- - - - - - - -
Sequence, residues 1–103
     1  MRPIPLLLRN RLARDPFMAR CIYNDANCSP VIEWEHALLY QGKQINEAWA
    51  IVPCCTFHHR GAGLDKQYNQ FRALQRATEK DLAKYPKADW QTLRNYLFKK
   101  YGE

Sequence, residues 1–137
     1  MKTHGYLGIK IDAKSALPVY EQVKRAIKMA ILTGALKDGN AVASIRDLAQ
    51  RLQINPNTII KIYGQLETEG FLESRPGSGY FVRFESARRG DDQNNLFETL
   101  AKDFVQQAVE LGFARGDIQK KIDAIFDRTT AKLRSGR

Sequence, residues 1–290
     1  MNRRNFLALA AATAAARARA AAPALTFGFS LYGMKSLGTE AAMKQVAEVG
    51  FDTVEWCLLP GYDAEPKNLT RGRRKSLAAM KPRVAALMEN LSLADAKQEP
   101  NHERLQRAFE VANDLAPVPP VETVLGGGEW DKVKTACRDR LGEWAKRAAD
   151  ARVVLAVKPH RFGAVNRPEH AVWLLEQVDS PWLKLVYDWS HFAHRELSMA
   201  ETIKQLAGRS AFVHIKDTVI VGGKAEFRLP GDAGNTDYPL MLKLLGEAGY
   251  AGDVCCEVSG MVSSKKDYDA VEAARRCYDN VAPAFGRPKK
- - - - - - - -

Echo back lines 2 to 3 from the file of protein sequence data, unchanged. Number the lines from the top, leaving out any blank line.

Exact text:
     1  MRPIPLLLRN RLARDPFMAR CIYNDANCSP VIEWEHALLY QGKQINEAWA
    51  IVPCCTFHHR GAGLDKQYNQ FRALQRATEK DLAKYPKADW QTLRNYLFKK